Adding transient entity motion is quite simple in SIGMA. As discussed earlier, you simply attach a string of vertices to an event that will represent the path of motion of the transient entity when the event occurs. The active picture for transient entity vertices is a picture of the entity. Here a simple colored bitmap of a bar is used to represent the part moving to and from the machine. Transient entities have a blank inactive picture the same size as their active picture. The active picture flashes at the current location of the transient entity. This picture is then blanked out when the transient entity moves on. The vertices in such a string will typically have no state changes associated with them and are connected with an unconditional edge with pre-emptive execution (delay = *). This figure illustrates adding a transient entity leaving the machine after the LEAVE event. (The Select All command was clicked to show the active pictures of the new vertices.)

Adding a String of Vertices to Represent Movement of a Transient Entity
Adding a String of Vertices to Represent Movement of a Transient Entity
IMPORTANT:  Do not connect more than four or five vertices in a row with edges that have a delay
of *. Insert an edge with zero delay to avoid a stack overflow condition.
Open BRKANAM4.MOD or continue with the model you have been developing.
Click once on the group of vertices represented by the box. This will be the starting point for the path followed by a transient entity.
Since the starting point of the transient entity must be a vertex, click the Ungroup Vertices command under the Edit menu to ungroup these vertices.
Click the right button to get into Create Process mode; click the left mouse button on the location of the first point of the transient entity path.
Note that the vertex you create will be a duplicate of the last vertex created when building the model.
After getting into Select or Edit Mod, double click on this new vertex.
Assign CUSTOMER.BMP to the Active Picture and BLANK.BMP to the Inactive Picture. Press the OK button in the dialog box to incorporate the new images into the event graph.
Check if this is successful by clicking on a blank space; the transient entity image should disappear.
Click again under the number of the new vertex; the transient entity image should reappear.
Click on the right button to get into Create Process mode.
Click several times along the path to be followed by the transient entity. (All you should see are the edges of the transient entity path.)
Press the right button to get into Select or Edit mode.
Click on the Select All command under the Edit menu.
Click on the Hide Selected Edges command under the Edit menu.
Click on any blank space to deselect the vertices: All the transient entities should disappear, leaving just the numbers of each break-point in the path.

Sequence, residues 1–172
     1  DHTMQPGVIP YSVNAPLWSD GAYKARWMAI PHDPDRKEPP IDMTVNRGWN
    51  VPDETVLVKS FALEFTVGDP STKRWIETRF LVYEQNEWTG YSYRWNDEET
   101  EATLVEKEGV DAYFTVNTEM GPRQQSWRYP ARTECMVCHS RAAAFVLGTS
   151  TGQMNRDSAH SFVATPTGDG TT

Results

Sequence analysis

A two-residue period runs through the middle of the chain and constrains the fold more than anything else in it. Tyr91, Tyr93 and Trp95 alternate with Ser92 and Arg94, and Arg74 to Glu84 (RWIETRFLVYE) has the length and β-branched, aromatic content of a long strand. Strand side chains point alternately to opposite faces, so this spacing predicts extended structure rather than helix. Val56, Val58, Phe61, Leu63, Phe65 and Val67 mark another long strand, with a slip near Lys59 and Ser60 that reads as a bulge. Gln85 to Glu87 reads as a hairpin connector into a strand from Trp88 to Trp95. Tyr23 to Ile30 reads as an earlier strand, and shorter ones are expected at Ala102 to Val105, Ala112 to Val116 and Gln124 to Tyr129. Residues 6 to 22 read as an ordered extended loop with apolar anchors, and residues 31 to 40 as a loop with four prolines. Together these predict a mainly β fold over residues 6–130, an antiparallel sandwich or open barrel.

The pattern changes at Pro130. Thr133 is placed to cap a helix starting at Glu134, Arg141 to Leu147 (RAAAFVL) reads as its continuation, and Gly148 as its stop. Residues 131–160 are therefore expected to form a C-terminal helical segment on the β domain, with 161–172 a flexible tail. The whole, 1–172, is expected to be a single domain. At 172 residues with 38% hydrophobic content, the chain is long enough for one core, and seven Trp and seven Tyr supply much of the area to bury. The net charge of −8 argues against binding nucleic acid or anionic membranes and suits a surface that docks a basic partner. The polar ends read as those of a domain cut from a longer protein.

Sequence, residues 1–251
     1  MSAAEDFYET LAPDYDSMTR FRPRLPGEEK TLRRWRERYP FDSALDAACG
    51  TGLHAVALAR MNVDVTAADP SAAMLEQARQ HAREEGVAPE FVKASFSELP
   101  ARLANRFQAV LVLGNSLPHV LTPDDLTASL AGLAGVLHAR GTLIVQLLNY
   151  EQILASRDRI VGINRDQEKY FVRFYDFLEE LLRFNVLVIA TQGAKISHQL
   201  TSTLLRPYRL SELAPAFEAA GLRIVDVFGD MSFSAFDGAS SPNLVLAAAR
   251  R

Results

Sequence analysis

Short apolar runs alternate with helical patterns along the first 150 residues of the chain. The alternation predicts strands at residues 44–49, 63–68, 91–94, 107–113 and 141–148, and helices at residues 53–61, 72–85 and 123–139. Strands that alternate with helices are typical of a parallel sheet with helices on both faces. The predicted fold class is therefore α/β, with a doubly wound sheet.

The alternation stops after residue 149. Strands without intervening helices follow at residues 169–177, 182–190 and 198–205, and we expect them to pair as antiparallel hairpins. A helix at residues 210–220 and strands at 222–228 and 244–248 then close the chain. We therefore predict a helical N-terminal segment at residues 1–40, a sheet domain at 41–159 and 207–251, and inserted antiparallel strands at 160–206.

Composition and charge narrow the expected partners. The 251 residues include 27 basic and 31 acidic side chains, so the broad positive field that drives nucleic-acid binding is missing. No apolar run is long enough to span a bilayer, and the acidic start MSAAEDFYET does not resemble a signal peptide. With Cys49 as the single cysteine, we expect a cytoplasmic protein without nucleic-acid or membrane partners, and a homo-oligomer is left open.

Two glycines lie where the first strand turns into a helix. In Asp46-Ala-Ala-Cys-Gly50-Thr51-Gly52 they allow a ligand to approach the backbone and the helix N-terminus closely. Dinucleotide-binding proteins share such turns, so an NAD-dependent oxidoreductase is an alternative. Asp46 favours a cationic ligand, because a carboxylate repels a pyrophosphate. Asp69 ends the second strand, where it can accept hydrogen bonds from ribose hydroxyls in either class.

When you run the simulation, the numbers at the break-point vertices along the transient entity path will disappear.
HINT: Put a very high execution priority (low number) on each edges along the transient entity path if you want the transient entity to complete its movement before any other vertex executes.
Highlight the ungrouped boxes, and group them again.

Press the Start Run tool to see the transient entity path in motion.

A string of vertices was added to the ENTER event to show the part entering and to the FAIL event to show a part being discarded. The model is BRKANAM5.MOD in your SIGMA directory and is shown in this figure. Again, the Select All option was clicked to show all parts of the animation.
BRKANAM5.MOD with Strings of Vertices Representing Transient Entity Paths Added.
BRKANAM5.MOD with Strings of Vertices Representing Transient Entity Paths Added.

You should load and run BRKANAM5.MOD and observe how it works. The local display variables, INPUT, GOOD, and BAD were added to the model, in addition to QSIZE, to show where each part went.

With the animation, it is rather easy to see that there is an error in the model; the count of discarded bad parts is increased even if the machine fails when it is not working. Since what goes into the system must go somewhere, the following equation should hold:

INPUT = GOOD + BAD + QSIZE + SERVER.

Increasing the number of BAD parts discarded even if the machine failed when empty will cause this balance equation to be invalid. Adding a vertex to indicate if the machine fails when empty or loaded solves this problem. (See BRKANAM6.MOD) Note that a puff of smoke is added when the machine fails, using the same technique for adding transient entities.).

Other examples of animations have been included with SIGMA, including one with the ubiquitous carwash, ACARWASH.MOD. Also see SIMAN.MOD for an animation of a process-oriented simulation language. ROBOT.MOD, in this figure, is an actual animation of a loading robot used in semiconductor manufacturing. The model represents an automated robot that processes wafers in vacuum chambers. Wafers enter the system at Station 1, are processed individually at Station 2, are moved to either Station 3 or Station 4 for batch processing, and then leave the system through Station 5.

An Animation Of  Priority Loader Robot (Cluster Tool)
An Animation Of Priority Loader Robot (Cluster Tool)